The future of graphene yarns for wearable textiles

graphene yarns sourcing

Imagine having your very own Iron Man suit that could sense information and changes from your body and send that data to your smartphone.

The idea of wearable smart or e-textiles has become popular due to their vast potential applications in healthcare, fitness, and aerospace. However, the greatest challenge to integrating smart devices into clothing has been the heavyweight, bulkiness, inflexibility, and non-water resistance of conductive materials.

Graphene is a material that is able to overcome all those challenges. Graphene is extremely strong, lightweight, flexible, and highly conductive to heat and electricity thanks to its unique structure. Only 1 atom thick, with every atom exposed to its environment, graphene is formed by a sheet of carbon atoms in a hexagonal lattice. This makes the material ideal for creating sensors, as it can detect small changes within its surroundings. But, it has been difficult to produce graphene fibers in large quantities due to complicated and costly processes.

Recently, a team at The University of Manchester has developed a method to produce graphene yarns in bulk that is fast and easy and can be done using existing machinery. Not only that, these graphene yarns are washable and biodegradable. Cotton yarns are treated with a graphene dye made with reduced graphene oxide flakes, which bond to the cotton fibers, thus integrating them rather than simply having a coating of graphene. Previously, graphene was integrated into finished fabrics, but with the yarns, there are many more options to make sensors. This could revolutionize the smart clothing industry.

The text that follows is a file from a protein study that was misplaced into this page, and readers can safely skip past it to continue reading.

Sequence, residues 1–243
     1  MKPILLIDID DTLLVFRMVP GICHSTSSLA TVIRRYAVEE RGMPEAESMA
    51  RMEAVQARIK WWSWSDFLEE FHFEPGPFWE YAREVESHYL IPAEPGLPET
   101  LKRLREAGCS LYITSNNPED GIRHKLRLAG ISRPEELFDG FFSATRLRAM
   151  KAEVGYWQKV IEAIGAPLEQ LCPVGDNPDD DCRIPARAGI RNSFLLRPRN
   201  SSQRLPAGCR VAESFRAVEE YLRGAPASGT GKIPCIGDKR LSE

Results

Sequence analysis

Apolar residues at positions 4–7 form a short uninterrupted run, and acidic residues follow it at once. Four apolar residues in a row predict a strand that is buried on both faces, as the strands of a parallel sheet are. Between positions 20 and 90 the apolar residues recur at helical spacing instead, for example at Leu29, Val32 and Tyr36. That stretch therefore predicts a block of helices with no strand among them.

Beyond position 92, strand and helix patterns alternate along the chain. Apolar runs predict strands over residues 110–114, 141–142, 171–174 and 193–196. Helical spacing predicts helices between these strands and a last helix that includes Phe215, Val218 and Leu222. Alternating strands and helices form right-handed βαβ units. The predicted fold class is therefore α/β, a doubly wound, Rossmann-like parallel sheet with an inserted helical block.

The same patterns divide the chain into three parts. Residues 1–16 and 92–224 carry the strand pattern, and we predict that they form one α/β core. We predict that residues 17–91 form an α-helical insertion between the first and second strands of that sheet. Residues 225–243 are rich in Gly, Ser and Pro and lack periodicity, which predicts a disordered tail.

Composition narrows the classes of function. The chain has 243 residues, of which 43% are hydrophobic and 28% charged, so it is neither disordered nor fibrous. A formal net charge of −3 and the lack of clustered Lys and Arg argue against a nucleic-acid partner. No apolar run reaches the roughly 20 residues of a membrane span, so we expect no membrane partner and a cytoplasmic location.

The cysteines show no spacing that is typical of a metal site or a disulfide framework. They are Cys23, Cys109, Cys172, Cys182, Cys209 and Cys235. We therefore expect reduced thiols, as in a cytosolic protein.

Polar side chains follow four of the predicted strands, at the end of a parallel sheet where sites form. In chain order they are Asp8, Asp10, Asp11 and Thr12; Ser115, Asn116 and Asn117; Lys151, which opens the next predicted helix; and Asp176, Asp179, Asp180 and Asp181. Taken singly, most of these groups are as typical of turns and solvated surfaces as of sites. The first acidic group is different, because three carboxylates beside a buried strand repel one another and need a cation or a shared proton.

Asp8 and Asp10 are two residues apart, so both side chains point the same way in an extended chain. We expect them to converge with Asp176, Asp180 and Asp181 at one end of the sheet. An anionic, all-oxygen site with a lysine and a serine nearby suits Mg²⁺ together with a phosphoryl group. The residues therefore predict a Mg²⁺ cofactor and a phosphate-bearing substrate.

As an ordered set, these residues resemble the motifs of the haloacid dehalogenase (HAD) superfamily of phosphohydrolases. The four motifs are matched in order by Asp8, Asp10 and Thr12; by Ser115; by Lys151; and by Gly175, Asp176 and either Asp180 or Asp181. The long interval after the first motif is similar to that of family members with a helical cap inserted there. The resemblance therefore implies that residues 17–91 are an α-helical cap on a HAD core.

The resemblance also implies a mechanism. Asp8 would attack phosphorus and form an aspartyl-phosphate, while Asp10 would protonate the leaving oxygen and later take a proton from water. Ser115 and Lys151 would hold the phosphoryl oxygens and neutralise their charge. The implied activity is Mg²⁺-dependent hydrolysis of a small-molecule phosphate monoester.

Already existing conductive yarns are coated with copper or silver particles, but graphene is lighter, stronger, and more flexible, allowing for softer, more stretchable fabric sensors. RFID tags could be easily integrated into the fabric for temperature data to be sent to a smart device via a wireless connection. Beyond fabric sensors, graphene could also replace other synthetic fibers such as polyester or nylon. This would reduce clothing weight and storage volume, as well as increase comfort due to graphene’s high elasticity. Another application of graphene-based fabrics are insulated garments. Graphene preserves and retains heat well and distributes warmth evenly in cold weather, keeping an even body temperature during physical activity. Finally, graphene has strong cytotoxicity, meaning it’s toxic to living cells and can help prevent the growth of bacteria, which has practical applications in healthcare, such as maternity and hospital clothing.

While graphene yarns have only just been successfully produced on a large scale, their great potential in practical applications signals the beginning of a new era of smart textiles and multi-functional clothing.

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